02Mar 2 March. Saturday in the Second Week of Lent

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Micah 7:14ff. Trust that God the merciful shepherd will have compassion on his people.

Lk 15:1ff. The parable of the Prodigal Son: a profoundly compassionate God.

First Reading: Micah 7:14-15, 18-20

Shepherd your people with your staff, the flock that belongs to you, which lives alone in a forest in the midst of a garden land; let them feed in Bashan and Gilead as in the days of old. As in the days when you came out of the land of Egypt, show us marvellous things.

Who is a God like you, pardoning iniquity and passing over the transgression of the remnant of your possession? He does not retain his anger forever, because he delights in showing clemency. He will again have compassion upon us; he will tread our iniquities under foot. You will cast all our sins into the depths of the sea. You will show faithfulness to Jacob and unswerving loyalty to Abraham, as you have sworn to our ancestors from the days of old.

Gospel: Luke 15:1-3, 11-32

Now all the tax collectors and sinners were coming near to listen to him. And the Pharisees and the scribes were grumbling and saying, “This fellow welcomes sinners and eats with them.” So he told them this parable: “”There was a man who had two sons. The younger of them said to his father, ‘Father, give me the share of the property that will belong to me.’ So he divided his property between them. A few days later the younger son gathered all he had and traveled to a distant country, and there he squandered his property in dissolute living. When he had spent everything, a severe famine took place throughout that country, and he began to be in need. So he went and hired himself out to one of the citizens of that country, who sent him to his fields to feed the pigs. He would gladly have filled himself with the pods that the pigs were eating; and no one gave him anything. But when he came to himself he said, ‘How many of my father’s hired hands have bread enough and to spare, but here I am dying of hunger! I will get up and go to my father, and I will say to him, “Father, I have sinned against heaven and before you; I am no longer worthy to be called your son; treat me like one of your hired hands.” ‘ So he set off and went o his father. But while he was still far off, his father saw him and was filled with compassion; he ran and put his arms around him and kissed him. Then the son said to him, ‘Father, I have sinned against heaven and before you; I am no longer worthy to be called your son.’ But the father said to his slaves, ‘Quickly, bring out a robe – the best one – and put it on him; put a ring on his finger and sandals on his feet. And get the fatted calf and kill it, and let us eat and celebrate; for this son of mine was dead and is alive again; he was lost and is found!’ And they began to celebrate.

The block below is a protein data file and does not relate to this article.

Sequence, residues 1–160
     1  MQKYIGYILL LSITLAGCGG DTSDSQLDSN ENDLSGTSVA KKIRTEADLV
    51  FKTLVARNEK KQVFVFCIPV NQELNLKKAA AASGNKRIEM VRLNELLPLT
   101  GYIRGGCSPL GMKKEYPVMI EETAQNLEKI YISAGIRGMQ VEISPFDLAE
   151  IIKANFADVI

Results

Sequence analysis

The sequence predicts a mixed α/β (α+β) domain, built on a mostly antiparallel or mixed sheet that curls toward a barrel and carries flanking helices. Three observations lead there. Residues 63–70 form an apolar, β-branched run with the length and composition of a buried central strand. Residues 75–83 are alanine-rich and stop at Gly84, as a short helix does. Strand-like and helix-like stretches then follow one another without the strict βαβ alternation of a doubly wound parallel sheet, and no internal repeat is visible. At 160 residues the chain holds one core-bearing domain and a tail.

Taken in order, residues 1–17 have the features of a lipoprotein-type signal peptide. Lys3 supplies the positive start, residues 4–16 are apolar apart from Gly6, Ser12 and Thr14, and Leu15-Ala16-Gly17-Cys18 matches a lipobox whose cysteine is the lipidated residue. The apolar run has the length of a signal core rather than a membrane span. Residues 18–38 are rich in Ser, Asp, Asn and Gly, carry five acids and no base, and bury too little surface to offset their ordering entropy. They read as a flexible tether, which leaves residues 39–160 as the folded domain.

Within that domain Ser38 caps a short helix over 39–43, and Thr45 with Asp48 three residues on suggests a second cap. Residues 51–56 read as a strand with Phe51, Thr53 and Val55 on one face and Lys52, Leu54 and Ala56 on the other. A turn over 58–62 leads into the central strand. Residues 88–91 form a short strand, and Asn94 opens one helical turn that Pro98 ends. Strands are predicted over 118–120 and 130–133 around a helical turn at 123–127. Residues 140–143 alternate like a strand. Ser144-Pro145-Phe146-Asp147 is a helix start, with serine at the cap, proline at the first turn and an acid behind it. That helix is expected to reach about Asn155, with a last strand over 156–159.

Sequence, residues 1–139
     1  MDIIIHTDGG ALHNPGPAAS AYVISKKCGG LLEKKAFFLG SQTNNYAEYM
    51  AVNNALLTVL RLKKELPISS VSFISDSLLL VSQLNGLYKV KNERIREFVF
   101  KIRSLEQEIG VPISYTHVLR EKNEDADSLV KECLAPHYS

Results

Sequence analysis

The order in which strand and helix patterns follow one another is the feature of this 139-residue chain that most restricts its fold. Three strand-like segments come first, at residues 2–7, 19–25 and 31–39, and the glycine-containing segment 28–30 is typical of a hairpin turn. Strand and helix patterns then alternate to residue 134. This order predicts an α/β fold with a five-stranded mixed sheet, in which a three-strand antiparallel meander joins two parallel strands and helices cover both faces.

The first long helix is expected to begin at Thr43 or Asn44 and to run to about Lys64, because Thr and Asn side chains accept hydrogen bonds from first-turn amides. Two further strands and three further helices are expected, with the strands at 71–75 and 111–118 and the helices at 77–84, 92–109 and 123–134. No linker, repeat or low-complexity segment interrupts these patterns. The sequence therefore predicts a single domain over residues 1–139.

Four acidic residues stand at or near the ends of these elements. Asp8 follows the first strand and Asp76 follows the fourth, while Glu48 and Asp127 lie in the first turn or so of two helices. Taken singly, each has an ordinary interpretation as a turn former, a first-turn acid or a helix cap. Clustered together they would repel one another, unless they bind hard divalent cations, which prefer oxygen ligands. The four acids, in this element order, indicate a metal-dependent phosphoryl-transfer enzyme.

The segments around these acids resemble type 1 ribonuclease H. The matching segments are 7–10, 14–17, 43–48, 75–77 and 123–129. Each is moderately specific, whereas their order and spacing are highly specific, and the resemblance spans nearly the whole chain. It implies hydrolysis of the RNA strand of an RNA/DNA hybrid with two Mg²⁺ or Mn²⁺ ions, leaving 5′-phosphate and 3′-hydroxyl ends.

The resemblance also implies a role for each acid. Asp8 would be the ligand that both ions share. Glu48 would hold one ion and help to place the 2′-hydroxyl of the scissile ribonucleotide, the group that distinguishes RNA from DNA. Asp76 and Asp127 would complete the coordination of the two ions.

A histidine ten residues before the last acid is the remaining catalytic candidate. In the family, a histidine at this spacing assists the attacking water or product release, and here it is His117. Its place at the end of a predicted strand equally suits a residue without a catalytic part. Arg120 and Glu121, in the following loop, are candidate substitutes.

“Now his elder son was in the field; and when he came and approached the house, he heard music and dancing. He called one of the slaves and asked what was going on. He replied, ‘Your brother has come, and your father has killed the fatted calf, because he has got him back safe and sound.’ Then he became angry and refused to go in. His father came out and began to plead with him. But he answered his father, ‘Listen! For all these years I have been working like a slave for you, and I have never disobeyed your command; yet you have never given me even a young goat so that I might celebrate with my friends. But when this son of yours came back, who has devoured your property with prostitutes, you killed the fatted calf for him!’ Then the father said to him, ‘Son, you are always with me, and all that is mine is yours. But we had to celebrate and rejoice, because this brother of yours was dead and has come to life; he was lost and has been found.'”

On not giving up hope

Today’s word speaks of an inheritance squandered by foolish living. But even if we go astray, our trust in God’s mercy convinces us that all is not lost.

Micah is known as a champion of social justice and defender of the dispossessed (see ch 2). Now the people of Judah have been driven off to a foreign land. This disaster came on account of their sins, insists the prophet, and was not just due to the enemy’s superior force. Now their exile has ended and the people have returned to Jerusalem, but they are poverty-stricken and reduced in every way. The author begs God: “show us wonderful signs, as you have sworn to our fathers from days of old.” Their faith-memory is a pledge of hope for a better future. It assures them of ongoing contact with their living, compassionate God.

The prodigal son, too, survives on the memory of his father’s kindness and so found the courage to humbly return home seeking forgiveness.  He came to his senses because the father’s goodness finally overcame the the young man’s waywardness. A beautiful touch in the story is that the father was beckoning the boy home from a distance, before ever the son noticed him. The son’s remembrance might even be like a passive surrender to a hidden stimulant, calling out for love and celebration.

These Scriptures invite us to experience our heavenly Father’s merciful presence at the core of our existence. The Bible revives and invigorates our memory of God, inherited from our ancestors and from Jesus. In turn, our greatest gift to the next generation would be belief in God’s goodness as basic to our existence. This will enable them to write a new page in their lives, returning to the Father like the prodigal son, assured of an unconditional welcome.

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